Featuring a 3.25-mile walking trail that allows you to see everything from beautiful meadows to the sandy beach, Terrapin Nature Park is a wonderful location for families and individuals looking for all sorts of outdoor activities. A popular activity amongst visitors is viewing the Chesapeake Bay and the Chesapeake Bay Bridge via a gazebo and wheelchair-accessible boardwalk. With fishing and crabbing to biking and hiking, the 276-acre park is ideal for nature buffs of all sorts.
191 Log Canoe Circle, Stevensville; 410-758-0835; Findyourchesapeake.com 

Photo by Mary Konchar

 

Blackwater National Wildlife Refuge

Preserving over 26,000 acres of woodlands, marshes, and waters, the Blackwater National Wildlife Refuge is home to a vast majority of wildlife, including being the largest breeding ground on the East Coast, north of Florida, for American bald eagles, as well as protecting the endangered Delmarva Peninsula fox squirrel. The Blackwater NWR, located in Dorchester County, also serves as a sanctuary to migrating and wintering birds and waterfowl. With tons of history and activities, visitors can do everything from attending an educational program to hunting to a scenic nature walk.
2145 Key Wallace Drive, Cambridge; 410-228-2677; Findyourchesapeake.com 

 

Tuckahoe State Park

With plenty of activities and opportunities to learn more about the Eastern Shore, Tuckahoe State Park is a lovely area for families, groups, and individuals interested in exploring and learning more about the area they live in. Twenty miles of multi-use trails allows visitors to hike, bike, and even horseback ride! The park also offers 20 acres of boating and fishing opportunities on its 60-acre lake; however, be aware that the use of a gasoline motor is prohibited. Additionally, canoeing is a very popular activity at Tuckahoe State Park, along with camping. Guests can also visit the Adkins Arboretum, located on Tuckahoe Creek.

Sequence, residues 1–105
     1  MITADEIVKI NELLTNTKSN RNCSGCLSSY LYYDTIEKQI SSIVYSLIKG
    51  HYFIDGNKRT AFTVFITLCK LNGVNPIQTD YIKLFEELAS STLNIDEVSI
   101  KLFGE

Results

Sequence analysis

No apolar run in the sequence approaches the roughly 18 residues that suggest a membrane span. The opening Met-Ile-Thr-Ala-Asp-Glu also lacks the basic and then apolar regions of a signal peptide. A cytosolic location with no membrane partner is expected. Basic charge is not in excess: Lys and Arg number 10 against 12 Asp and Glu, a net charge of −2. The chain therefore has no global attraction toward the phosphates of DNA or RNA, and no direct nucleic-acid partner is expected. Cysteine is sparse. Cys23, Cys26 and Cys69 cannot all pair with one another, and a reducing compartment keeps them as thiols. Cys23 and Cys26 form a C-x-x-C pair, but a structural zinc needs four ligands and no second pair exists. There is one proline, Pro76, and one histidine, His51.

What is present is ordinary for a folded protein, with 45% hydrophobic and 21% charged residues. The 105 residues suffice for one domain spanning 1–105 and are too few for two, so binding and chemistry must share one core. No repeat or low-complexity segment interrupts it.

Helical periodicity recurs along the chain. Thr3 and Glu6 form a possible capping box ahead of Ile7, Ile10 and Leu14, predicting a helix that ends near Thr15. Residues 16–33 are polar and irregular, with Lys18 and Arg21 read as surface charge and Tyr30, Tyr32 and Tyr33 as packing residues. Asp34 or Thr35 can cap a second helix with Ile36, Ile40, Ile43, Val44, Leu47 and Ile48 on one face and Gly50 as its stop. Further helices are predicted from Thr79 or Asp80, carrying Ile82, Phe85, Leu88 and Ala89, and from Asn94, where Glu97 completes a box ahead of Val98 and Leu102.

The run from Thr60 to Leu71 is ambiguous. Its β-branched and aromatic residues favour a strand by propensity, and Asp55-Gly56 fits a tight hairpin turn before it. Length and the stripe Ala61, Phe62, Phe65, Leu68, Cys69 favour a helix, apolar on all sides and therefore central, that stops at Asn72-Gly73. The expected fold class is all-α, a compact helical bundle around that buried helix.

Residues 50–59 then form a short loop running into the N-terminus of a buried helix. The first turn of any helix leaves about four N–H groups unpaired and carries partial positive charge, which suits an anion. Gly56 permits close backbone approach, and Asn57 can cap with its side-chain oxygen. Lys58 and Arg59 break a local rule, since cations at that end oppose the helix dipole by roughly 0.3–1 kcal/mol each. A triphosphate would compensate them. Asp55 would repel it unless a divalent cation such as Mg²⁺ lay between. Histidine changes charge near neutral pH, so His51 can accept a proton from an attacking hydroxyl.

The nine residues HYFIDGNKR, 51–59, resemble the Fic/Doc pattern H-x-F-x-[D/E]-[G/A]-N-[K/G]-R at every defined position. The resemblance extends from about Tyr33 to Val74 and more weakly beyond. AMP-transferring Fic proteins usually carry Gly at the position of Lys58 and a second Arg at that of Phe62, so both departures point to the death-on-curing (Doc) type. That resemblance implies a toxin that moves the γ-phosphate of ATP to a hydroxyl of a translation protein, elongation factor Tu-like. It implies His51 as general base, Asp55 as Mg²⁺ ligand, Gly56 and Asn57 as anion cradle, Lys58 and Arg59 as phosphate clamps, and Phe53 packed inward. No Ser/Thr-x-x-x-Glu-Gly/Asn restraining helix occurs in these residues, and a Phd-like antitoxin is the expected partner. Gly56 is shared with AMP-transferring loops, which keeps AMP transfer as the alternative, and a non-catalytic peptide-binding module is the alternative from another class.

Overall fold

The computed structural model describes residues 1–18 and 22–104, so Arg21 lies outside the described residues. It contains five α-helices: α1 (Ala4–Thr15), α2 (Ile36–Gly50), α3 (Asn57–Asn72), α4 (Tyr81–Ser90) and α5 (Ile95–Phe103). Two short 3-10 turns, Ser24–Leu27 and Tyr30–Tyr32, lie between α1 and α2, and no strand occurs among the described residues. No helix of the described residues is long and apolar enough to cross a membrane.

13070 Crouse Mill Road, Queen Anne; 410-820-1668; Dnr2.maryland.gov 

 

Adkins Arboretum

If you’re a dedicated nature lover, interested in horticulture, and enjoy the great outdoors, then this is the place for you! With lush greenery, wetlands, beautiful meadows, and more, the 400-acre Adkins Arboretum is home to more than 600 species of plants and flowers that primarily focuses on what is native to the Mid-Atlantic coastal plain. There is over five miles of paths throughout the area, with one trail—Tuckahoe Valley trail—connecting to Tuckahoe State Park. The Adkins Arboretum offers a vast majority of activities, like guided tours, lectures, programs for adults and youths, and, of course, hiking and biking.
12610 Eveland Road, Ridgely; 410-634-2847; Adkinsarboretum.org 



State/Regional Favorites



Calvert Cliffs State Park

For those especially interested in archaeology and fossils or have children who love dinosaurs; Calvert Cliffs is the park for you. The Calvert Cliffs were formed 20 to 30 million years ago when all of southern Maryland was covered in a warm, shallow sea. As a result, the fossils of the marine life that lived there, prehistoric sharks, whales, rays, and large seabirds, can be found in the cliffs today. The best fossil hunting is done at the open beach area at the end of the red trail where adults and children alike can sift for sharks teeth and fossils right in the sand.
10540 H. G. Trueman Road, Lusby; 301-743-7613​; Dnr.maryland.gov 


Gunpowder Falls State Park

Spanning over 18,000 acres across Harford and Baltimore counties, Gunpowder Falls State Park has more than 120 different hiking trails. The park features fishing and kayaking/canoeing streams, a swimming beach, and a marina. One featured trail of the park is called Jerusalem Village trail, a 4.8 mile hike that features the Jericho Covered Bridge and a variety of wildlife. Families and backpackers alike can fuel up pre-hike with some lunch in the village picnic area where they can admire the antique buildings.
2813 Jerusalem Road, Kingsville; 410-592-2897​; Dnr.maryland.gov 

Photo by Rcbutcher

 

Patapsco Valley State Park